Twelve Harvard faculty are among the 85 new members elected to the National Academy of Medicine.
Election to the academy is considered one of the highest honors in the fields of health and medicine and recognizes individuals who have demonstrated outstanding professional achievement and commitment to service.
“This distinguished and diverse class of new members is a truly remarkable set of scholars and leaders whose impressive work has advanced science, improved health, and made the world a better place for everyone,” said academy President Victor J. Dzau on Monday. “Their expertise in science, medicine, health, and policy in the U.S. and around the globe will help our organization address today’s most pressing health challenges and inform the future of health and health care. It is my privilege to welcome these esteemed individuals to the National Academy of Medicine.”
Harvard’s newly elected members include:
Richard S. Blumberg, Jerry S. Trier Professor of Medicine, Harvard Medical School; and chief, Division of Gastroenterology, Hepatology, and Endoscopy, Brigham and Women’s Hospital
For multiple seminal, paradigm-changing contributions to our understanding of mucosal immunology and immune development, having identified mechanistic alterations central to several diseases, including inflammatory bowel disease, autoimmune disorders, and cancer.
Francesca Dominici, Clarence James Gamble Professor of Biostatistics, Population, and Data Science, Harvard T.H. Chan School of Public Health; and co-director, Harvard Data Science Initiative
For developing and applying innovative statistical methods to understanding and reducing the impact of air pollution on population health.
Benjamin Levine Ebert, chair of medical oncology, Dana-Farber Cancer Institute; and George P. Canellos M.D. and Jean Y. Canellos Professor of Medicine, Harvard Medical School
For contributions to understanding the genetics and biology of myeloid malignancies, to the characterization of clonal hematopoiesis, and to elucidating the mechanism of action of thalidomide and its analogs.
Evelynn Maxine Hammonds, Barbara Gutmann Rosenkrantz Professor of the History of Science, professor of African and African American studies, and chair, Department of History of Science, Harvard University
For being one of the nation’s most influential historians investigating the relationship of race, science, and medicine, and her work in clarifying the use of the concept of race as it relates to important health disparities.
Robert E. Kingston, chief, Department of Molecular Biology, Massachusetts General Hospital; and professor of genetics, Harvard Medical School
For contributions to understanding the role of nucleosomes in transcriptional regulations.
Keith Douglas Lillemoe, chief of surgery, Massachusetts General Hospital; and W. Gerald Austen Professor, Harvard Medical School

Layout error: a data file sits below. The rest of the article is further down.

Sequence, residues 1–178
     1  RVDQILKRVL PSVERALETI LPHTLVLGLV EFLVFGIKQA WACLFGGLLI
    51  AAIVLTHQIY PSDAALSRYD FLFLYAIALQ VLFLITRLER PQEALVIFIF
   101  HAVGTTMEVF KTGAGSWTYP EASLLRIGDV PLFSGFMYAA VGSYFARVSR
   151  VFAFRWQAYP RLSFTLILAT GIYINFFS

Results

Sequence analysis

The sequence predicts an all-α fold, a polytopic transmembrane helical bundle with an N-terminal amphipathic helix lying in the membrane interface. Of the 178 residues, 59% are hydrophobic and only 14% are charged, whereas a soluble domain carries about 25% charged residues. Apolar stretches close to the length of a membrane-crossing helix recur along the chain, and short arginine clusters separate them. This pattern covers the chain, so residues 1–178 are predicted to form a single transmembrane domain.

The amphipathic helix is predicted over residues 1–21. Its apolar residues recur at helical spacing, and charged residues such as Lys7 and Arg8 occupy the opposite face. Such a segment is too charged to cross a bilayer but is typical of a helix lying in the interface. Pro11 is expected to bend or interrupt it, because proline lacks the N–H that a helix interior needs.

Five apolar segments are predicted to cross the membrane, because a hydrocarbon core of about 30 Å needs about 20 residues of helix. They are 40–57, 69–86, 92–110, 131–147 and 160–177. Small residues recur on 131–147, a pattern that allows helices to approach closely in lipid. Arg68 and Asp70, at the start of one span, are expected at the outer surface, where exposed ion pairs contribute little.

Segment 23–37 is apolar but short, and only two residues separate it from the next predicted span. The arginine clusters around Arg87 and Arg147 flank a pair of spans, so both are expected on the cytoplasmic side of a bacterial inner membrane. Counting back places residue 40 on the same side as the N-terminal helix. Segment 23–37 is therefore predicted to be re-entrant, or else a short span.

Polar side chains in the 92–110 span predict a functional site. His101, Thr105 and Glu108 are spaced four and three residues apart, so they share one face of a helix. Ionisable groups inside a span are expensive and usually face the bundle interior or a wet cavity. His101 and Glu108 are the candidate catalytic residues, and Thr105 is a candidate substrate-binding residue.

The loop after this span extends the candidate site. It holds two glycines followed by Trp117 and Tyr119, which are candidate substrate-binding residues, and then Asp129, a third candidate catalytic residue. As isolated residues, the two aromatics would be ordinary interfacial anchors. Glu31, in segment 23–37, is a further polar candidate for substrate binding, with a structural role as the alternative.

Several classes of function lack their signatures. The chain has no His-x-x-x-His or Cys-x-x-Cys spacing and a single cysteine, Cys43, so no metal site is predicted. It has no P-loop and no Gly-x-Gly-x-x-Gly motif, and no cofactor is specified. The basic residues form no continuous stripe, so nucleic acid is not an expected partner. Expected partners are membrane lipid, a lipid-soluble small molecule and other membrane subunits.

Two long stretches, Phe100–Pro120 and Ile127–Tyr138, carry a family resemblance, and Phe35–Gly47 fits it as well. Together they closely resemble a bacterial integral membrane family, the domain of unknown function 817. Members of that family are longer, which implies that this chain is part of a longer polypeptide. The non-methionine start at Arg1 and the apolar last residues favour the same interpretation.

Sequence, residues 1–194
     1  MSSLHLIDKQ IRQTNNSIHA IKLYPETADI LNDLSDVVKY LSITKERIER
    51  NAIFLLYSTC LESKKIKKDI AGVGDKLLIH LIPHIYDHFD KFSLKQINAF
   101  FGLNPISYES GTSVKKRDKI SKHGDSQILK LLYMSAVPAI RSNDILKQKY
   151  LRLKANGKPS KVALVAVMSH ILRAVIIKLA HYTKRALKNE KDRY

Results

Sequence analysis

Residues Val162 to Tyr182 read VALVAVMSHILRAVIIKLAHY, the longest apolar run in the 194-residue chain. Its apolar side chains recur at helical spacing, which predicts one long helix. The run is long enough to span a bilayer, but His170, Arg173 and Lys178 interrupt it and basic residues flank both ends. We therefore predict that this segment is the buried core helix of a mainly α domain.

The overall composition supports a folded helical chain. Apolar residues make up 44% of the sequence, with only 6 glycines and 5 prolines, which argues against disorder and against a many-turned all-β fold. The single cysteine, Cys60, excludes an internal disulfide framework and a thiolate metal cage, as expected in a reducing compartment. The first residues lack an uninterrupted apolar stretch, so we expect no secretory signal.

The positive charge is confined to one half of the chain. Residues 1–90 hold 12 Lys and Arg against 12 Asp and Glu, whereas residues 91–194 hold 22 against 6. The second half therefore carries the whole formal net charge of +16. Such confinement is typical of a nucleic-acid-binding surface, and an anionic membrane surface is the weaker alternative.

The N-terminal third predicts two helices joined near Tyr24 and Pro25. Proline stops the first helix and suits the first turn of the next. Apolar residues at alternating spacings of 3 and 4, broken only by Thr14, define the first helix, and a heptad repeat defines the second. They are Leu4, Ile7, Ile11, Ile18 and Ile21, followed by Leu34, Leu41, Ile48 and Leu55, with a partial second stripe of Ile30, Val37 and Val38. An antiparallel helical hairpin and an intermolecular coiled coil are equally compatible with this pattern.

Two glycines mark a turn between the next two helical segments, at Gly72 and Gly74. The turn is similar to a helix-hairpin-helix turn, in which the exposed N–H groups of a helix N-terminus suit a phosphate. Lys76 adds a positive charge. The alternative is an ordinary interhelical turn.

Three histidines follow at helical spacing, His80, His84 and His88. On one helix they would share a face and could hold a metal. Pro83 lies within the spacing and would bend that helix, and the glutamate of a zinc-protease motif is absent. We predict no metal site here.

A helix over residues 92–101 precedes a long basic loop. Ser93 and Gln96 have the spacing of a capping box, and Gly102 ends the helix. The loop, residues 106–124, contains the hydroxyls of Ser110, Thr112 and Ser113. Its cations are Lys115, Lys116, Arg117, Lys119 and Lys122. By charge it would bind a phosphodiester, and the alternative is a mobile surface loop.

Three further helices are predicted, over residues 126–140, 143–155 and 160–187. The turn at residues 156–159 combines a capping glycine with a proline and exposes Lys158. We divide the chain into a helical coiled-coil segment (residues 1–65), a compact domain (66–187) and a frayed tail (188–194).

For his work as a surgical leader and educator who has enhanced patient care, surgical quality, and safety.
Xihong Lin, Henry Pickering Walcott Professor and Chair of the Department of Biostatistics, professor of statistics, and coordinating director, Program in Quantitative Genomics, Harvard T.H. Chan School of Public Health
For contributions to statistics, genetics, epidemiology, and environmental health through influential and ingenious research in statistical methods and applications in whole-genome sequencing association studies, gene environment, integrative analysis, and complex observational studies.
Matthew Langer Meyerson, professor of pathology, Harvard Medical School, Dana-Farber Cancer Institute
For discovery of EGFR mutations in lung cancer and their ability to predict responsiveness to EGFR inhibitors, thereby helping to establish the current paradigm of precision cancer therapy.
Charles Alexander Nelson III, Richard David Scott Professor of Pediatric Developmental Medicine Research, Boston Children’s Hospital; and professor of pediatrics, neuroscience, and education, Harvard Medical School and Graduate School of Education
For pioneering research on brain development in majority world settings and revealing the powerfully detrimental effects of adversity exposure on brain development in early life.
Stuart L. Schreiber, Morris Loeb Professor of Chemistry and Chemical Biology, Harvard University
For advancing chemical biology and medicine through the discovery of small-molecule probes for signal transduction and gene regulation pathways.
Arlene Sharpe, co-chair and George Fabyan Professor of Comparative Pathology, Department of Microbiology and Immunobiology, Harvard Medical School
For leadership in functional analysis of co-stimulatory and inhibitory pathways regulating T cell activation.
Janey L. Wiggs, Paul Austin Chandler Professor of Ophthalmology, vice chair for clinical research in ophthalmology, Harvard Medical School; associate chief, ophthalmology, Massachusetts Eye and Ear; and associate member, Broad Institute of MIT and Harvard
For research and achievements in the field of ocular genetics, including the discovery of multiple genetic and environmental risk factors for glaucoma, and for developing and implementing genetic testing for inherited eye disease.